The ALJ determined that K.J.O. does not have an impairment or combination of impairments that result in either marked limitations in two domains of functioning or extreme limitation in one domain of functioning. He concluded that K.J.O. was not disabled since September 9, 2009.

Defendant's Contentions

The defendant contends that the ALJ concluded properly that K.J.O.'s asthma was not severe because Perez told him repeatedly that K.J.O.'s asthma was doing well with no recent symptoms. Dr. Kanam prescribed Albuterol as needed and described K.J.O.'s asthma as well-controlled, with infrequent symptoms and no wheezing since 2007. Moreover, when she saw Dr. Tedoff, K.J.O. was not taking any asthma medication.

The defendant contends that the ALJ concluded properly that K.J.O. did not have two marked limitations or one extreme limitation, and substantial evidence supports his findings with respect to the six functional equivalence domains. Concerning the acquiring and using information domain, Dr. Kanam assessed that K.J.O.'s cognitive skills were normal and Perez reported that K.J.O. achieved developmental milestones on time. Since K.J.O. has been in the special education program, she demonstrated increased improvement in her skills, and Dr. Tedoff observed normal insight and judgment, despite mildly impaired memory. With respect to the attending and completing tasks domain, the defendant asserts that Dr. Tedoff noted mild impairment in K.J.O.'s concentration and attention and concluded she could complete some age-appropriate tasks. Aurich indicated that K.J.O. did not exhibit poor frustration tolerance and Dr. Lauro assessed less than marked limitation in this domain. Perez testified that K.J.O. played games, cleaned her room, watched television, followed single step instructions and completed her homework without pushing. In connection with the remaining three domains, K.J.O. was never alleged to be significantly limited.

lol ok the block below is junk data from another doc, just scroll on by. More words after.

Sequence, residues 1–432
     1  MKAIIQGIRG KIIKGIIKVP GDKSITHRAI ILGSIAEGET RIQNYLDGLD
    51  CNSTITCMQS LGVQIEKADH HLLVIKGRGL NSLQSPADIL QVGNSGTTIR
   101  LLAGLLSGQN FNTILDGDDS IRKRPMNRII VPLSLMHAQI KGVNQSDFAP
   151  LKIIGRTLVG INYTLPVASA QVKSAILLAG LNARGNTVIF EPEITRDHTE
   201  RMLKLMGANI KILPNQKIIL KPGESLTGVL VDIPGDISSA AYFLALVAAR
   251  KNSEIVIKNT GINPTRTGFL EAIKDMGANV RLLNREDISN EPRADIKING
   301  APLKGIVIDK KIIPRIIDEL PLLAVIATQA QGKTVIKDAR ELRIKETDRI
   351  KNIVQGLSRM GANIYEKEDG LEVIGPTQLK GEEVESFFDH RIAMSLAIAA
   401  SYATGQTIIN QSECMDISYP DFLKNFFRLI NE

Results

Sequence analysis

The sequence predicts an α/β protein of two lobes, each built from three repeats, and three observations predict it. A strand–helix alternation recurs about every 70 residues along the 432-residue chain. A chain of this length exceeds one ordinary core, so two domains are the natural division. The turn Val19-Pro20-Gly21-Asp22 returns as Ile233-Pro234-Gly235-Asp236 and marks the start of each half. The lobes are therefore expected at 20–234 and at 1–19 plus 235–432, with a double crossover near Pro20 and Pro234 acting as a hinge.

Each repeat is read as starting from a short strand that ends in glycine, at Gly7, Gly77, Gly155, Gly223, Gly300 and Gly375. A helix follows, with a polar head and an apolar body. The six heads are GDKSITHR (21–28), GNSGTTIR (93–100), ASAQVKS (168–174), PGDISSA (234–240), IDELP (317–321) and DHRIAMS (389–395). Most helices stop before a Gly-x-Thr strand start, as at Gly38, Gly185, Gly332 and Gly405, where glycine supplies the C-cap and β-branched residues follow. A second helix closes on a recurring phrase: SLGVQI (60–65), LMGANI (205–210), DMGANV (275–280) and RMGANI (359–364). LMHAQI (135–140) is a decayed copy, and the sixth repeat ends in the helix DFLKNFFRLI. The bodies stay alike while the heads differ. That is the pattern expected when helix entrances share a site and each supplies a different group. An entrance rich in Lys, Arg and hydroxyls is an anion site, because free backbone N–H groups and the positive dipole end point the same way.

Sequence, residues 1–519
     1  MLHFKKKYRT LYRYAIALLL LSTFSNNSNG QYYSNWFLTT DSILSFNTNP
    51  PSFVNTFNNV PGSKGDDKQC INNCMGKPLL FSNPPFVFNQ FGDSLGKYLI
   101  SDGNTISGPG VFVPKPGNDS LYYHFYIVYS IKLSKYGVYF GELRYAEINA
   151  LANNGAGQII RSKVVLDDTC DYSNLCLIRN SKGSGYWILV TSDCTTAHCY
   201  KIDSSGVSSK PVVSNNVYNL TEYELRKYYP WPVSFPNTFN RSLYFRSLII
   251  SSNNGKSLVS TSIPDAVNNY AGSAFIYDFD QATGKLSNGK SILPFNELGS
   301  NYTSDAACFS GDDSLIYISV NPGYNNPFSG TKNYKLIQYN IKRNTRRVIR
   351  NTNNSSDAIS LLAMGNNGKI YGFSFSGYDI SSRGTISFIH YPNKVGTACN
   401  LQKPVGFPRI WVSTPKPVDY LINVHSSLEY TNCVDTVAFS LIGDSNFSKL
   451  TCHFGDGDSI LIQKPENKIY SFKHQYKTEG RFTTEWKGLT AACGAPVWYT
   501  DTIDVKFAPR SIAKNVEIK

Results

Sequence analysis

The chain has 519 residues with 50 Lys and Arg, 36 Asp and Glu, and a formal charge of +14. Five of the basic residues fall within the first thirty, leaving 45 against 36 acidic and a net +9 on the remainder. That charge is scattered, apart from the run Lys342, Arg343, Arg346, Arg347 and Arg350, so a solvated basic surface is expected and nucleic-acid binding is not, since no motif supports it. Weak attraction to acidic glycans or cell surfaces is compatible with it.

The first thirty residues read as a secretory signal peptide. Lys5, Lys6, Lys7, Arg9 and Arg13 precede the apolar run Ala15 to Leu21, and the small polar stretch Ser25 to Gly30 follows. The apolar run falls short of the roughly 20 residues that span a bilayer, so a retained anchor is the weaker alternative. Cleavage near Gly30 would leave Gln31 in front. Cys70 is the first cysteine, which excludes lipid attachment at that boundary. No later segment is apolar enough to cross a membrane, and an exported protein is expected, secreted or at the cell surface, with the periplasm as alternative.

The defendant contends that the ALJ declined to credit Perez's allegations of greater dysfunction since the record contradicts them. For example, while Perez alleged that K.J.O. had an asthma attack and used nightly breathing treatments, Dr. Kanam's notes showed that Perez denied recent asthma symptoms and she was only prescribed Albuterol as needed. Similarly, while Perez testified that K.J.O. cried, sometimes all day, in response to a sibling taking her belongings or difficulty in completing homework, the school documents indicated that she loved to share and did not exhibit negative responses. Perez also stated that K.J.O. did her homework without pushing.

The defendant maintains that new evidence submitted with the amended complaint does not warrant remand because it is not relevant to the period for which benefits were denied, since it is: (a) dated after April 26, 2012; (b) not retrospective in nature; and (c) immaterial. Moreover, although much of the new evidence post-dates the ALJ's April 26, 2012 decision, it pre-dates the Appeals Council's March 5, 2013 decision. Perez did not assert good cause for failing to give this evidence to the Appeals Council.

DISCUSSION

Legal Standard